Eating, Drinking & Seeing in Paris (and beyond): 5 Favorites in June & July

13 August 2014

Hotel Peninsula Paris (Pre-opening)

The first half of summer whipped by with such breakneck speeds that I hardly had a moment to process it all and stay on top of my monthly highlights. Proof of time well spent, no? Below, five highlights from the last two months:

Taking my family to my favorite spots in Paris
Based on discussions with my father before his arrival last month, I was uncertain I’d get to adequately introduce him to the local dining and drinking spots I frequent the most – Fondation Café, Verjus, Willi’s Wine Bar, to name a few. All would depend on my little brother’s willingness to soldier through action-packed afternoons, museum visits and miles of walking. Setting low expectations in that regard proved to be the right move as I was pleasantly surprised by how much I ended up being able to show them. And of course, those experiences bore a few lessons. Check those out here!

Hotel Rural Biniarroca, Menorca

Discovering Menorca (aka my future retirement home)
The trouble with vacation is that shortly after it ends and you’ve returned to a normal routine, the experience feels like an evanescent memory. Fortunately, I have more than Menorca’s unspoiled beaches to keep our trip last month front of mind. My friend Will Taylor, whose nuptials we attended, has posted several updates from his wedding weekend that should offer a crisp sense of place.

Part 1: Nautical-chic rehearsal dinner
Part 2: Wedding morning beach trip 
Part 3: The wedding! 

For non-wedding highlights, check out a few of my photos from our trip HERE.

Hotel Peninsula Paris (Pre-opening)Hotel Peninsula Paris (Pre-opening)

Getting a sneak peek at the Peninsula Paris Hotel before it opened
Paris has no shortage of grand playgrounds for the ultra well-heeled traveler – the Plaza Athenée, the Ritz (still under renovation), Le Bristol, the Mandarin Oriental, etc. – but luxurious lodging has some new competition with the arrival of The Peninsula Paris, the group’s 10th hotel and first European outpost. Twenty years in the making, the overhaul of this Haussmannian building on Avenue Kleber is as storied as the structure itself.

As Hotel Majestic, it played host to literary greats and artists like James Joyce, Marcel Proust (who had their first and only meeting here) and George Gershwin whose “An American in Paris” came to life while as a guest in one of the hotel’s suites. Once sold to the French government in 1936, the space assumed more political leanings, first as the headquarters to UNESCO, then as the International Conference Center for the Ministry of Foreign Affairs. Henry Kissinger led peace talks with the North Vietnamese from the ballroom and signed the peace treaty to end the war four years later, in a room that has been repurposed as a bar.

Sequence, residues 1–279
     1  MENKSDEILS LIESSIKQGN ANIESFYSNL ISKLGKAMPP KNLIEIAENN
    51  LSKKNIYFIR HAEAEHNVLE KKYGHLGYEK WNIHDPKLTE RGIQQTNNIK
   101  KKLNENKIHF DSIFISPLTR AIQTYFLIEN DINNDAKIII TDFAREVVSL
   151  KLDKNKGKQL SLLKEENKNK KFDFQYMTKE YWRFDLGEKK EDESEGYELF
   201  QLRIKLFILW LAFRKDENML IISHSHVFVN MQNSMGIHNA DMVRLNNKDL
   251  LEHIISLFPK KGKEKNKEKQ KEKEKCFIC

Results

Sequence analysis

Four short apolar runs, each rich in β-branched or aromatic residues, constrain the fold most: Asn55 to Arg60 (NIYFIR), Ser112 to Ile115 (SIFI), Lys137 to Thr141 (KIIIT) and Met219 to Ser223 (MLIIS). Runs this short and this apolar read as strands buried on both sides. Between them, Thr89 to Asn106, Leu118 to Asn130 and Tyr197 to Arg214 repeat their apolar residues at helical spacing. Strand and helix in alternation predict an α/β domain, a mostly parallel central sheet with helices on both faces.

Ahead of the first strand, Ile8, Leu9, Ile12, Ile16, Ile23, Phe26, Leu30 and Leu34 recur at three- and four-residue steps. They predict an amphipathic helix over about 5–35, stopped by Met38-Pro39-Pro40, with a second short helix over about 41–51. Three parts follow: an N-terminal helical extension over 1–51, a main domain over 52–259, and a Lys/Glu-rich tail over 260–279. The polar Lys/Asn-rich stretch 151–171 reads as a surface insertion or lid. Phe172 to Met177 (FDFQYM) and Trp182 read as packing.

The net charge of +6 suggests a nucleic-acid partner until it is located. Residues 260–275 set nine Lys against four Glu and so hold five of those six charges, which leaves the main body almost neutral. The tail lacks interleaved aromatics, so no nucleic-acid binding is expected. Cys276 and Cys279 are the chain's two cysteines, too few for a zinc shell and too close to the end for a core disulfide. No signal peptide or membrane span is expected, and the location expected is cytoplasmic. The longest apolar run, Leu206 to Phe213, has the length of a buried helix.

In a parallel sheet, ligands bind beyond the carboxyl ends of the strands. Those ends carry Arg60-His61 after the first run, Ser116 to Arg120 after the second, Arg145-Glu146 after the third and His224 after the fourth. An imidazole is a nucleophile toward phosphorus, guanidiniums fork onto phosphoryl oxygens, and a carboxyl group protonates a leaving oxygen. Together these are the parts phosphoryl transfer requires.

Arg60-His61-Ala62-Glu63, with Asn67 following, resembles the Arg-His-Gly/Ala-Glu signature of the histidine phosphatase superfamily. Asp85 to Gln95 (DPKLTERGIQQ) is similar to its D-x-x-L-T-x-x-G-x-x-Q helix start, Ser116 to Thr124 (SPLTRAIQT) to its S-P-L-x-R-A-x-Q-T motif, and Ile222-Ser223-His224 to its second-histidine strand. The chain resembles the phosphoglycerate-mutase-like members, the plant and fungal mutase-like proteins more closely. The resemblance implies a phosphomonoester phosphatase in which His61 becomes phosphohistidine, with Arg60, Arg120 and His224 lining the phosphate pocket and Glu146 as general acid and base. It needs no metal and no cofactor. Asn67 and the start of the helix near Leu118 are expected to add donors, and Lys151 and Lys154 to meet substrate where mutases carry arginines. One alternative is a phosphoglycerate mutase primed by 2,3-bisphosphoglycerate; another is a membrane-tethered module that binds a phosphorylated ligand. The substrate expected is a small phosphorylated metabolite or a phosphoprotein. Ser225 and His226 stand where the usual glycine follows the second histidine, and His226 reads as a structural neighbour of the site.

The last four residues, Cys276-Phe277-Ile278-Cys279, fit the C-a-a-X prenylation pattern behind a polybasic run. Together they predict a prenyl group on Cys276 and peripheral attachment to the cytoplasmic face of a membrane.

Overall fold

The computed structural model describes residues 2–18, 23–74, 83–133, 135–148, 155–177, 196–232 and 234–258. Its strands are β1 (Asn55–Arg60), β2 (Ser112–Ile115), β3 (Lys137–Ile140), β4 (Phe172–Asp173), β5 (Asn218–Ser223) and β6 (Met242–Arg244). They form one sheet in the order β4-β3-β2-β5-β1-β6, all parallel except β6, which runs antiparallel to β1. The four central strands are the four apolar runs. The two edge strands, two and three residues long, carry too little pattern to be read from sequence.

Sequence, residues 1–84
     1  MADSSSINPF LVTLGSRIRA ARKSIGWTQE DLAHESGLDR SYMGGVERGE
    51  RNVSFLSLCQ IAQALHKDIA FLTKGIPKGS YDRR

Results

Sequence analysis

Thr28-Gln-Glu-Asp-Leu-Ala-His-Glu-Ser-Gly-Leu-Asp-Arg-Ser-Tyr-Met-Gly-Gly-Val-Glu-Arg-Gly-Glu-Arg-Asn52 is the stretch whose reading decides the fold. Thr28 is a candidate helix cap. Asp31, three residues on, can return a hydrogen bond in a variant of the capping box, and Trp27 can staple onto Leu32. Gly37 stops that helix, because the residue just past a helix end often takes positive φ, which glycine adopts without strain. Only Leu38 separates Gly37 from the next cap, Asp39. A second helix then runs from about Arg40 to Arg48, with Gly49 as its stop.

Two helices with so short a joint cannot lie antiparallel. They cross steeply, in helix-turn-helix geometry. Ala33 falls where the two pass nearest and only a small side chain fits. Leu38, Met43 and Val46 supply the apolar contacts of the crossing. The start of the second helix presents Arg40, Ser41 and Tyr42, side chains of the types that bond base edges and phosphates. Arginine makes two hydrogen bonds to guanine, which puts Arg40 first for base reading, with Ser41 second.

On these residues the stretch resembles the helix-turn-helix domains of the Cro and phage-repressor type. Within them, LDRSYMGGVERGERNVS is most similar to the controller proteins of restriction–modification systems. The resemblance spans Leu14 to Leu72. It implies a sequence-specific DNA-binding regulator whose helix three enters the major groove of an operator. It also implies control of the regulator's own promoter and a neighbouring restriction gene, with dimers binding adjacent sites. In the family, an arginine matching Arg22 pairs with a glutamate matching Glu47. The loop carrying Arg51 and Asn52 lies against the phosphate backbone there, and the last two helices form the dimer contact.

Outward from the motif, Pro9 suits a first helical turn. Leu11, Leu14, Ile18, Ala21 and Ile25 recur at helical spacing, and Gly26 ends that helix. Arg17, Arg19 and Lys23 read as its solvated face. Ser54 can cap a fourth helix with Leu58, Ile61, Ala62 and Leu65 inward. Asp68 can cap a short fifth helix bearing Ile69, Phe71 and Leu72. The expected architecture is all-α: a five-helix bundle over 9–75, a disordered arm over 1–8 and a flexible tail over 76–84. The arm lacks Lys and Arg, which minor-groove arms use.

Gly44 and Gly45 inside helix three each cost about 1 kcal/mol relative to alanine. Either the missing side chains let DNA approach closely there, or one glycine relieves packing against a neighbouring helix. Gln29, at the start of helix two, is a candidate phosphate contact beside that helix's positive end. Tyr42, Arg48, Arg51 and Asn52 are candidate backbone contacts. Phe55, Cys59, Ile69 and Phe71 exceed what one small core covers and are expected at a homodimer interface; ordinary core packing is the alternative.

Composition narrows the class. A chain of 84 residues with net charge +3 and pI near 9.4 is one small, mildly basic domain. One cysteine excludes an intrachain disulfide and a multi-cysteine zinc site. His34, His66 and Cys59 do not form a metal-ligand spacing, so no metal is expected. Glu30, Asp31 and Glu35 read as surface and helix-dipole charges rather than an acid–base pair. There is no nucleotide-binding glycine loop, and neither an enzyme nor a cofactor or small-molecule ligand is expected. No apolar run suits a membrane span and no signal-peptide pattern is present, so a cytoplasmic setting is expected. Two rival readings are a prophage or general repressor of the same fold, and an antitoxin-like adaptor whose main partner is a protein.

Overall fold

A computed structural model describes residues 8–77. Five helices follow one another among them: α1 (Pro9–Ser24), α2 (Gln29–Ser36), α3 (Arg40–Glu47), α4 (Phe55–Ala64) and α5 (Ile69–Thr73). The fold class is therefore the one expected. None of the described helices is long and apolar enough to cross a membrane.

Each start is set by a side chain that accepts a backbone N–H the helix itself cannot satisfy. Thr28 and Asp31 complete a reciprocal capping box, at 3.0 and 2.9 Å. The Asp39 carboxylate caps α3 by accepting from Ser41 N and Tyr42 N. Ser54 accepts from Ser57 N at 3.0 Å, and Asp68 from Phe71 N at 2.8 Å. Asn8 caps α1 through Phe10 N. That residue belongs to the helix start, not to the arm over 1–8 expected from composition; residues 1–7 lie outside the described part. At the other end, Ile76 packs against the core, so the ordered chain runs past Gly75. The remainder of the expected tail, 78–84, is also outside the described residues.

Given the enormity of the space and the historic elements to be preserved, the redesign required an all-star team of artisans, many of whom were accustomed to working on fastidious restorations at the Louvre and Versailles. The investment has truly revived this grand dame to sumptuous effect and while a stay may be hors-budget (nearly $1,000/night to start), most of us can splurge for a cocktail on the rooftop terrace attached to the L’Oiseau Blanc restaurant or a digestif and cigar in the Kleber Lounge. Whatever your tipple of choice, drop by to see the Peninsula’s magnificence up close.

Lunching at Bistro Urbain
When I arrived in Paris eight years ago, menu items like Caesar salads, cheeseburgers and cheesecake were not only scarce but unwelcome food additions to the culinary scene. The French had little to learn from Americans about food (or so they thoughts) and strongly resisted what they perceived to be the wayward effects of globalization. But locals were evidently ready for some outside flavor and rushed to try the new and novel. With this rise in international influence, however, came a remarkable downturn in the traditional bistro model. Classic dishes were supplanted by trendy (and to some, mediocre) comfort fare, the chalkboard wall menu replaced by shock white metro tiles and the experience altogether changed.

Many have clamored for a sort of bistro revival,  Alec Lobrano chief among them, and seek out the spots that buck the trends to focus on simple, high-quality French dishes in an environment that channels the past without being bound to it. Bistrot Urbain – Urbain for the owner’s last name – is one such place inspired the bistro greats of yesteryear and offers an ever-so-slightly modern update. I had a fantastic lunch, beginning with a fresh heirloom tomato salad, followed by a perfectly-cooked codfish filet and a mixed cheese platter for dessert. The menu rotates regularly but you can count on a short but balanced offering, worthy of the bistro label.

Also check out their sandwich shop a few blocks over, Comptoir Urbain.

Fauchon Fruit Fiction, 2014
Indulging in Fauchon’s Fruit Fiction Collection 

Like fashion, French pastry evolves in seasonal collections. Typically this translates to a few new flavors added to the menu or limited edition recipes that follow a theme or inspired by pop culture. Available through September 3rd, Fauchon’s latest collection Fruit Fiction marries seasonal fruits and vegetables in an array of goodies from macarons (think: blackcurrant, apricot-lemon, chocolate passionfruit) and tea to jam and éclairs (specifically, raspberry-avocado). Pillowy soft and flavorful, the dozen I picked up vanished within minutes of serving them for friends. The jam, on the other hand, has been gussying up my breakfast every since I picked up a jar. See the collection (and its amusing marketing material resembling a galaxy of flying pastry) and visit their Madeleine boutique on your next visit.

What have been the highlights of your summer? 

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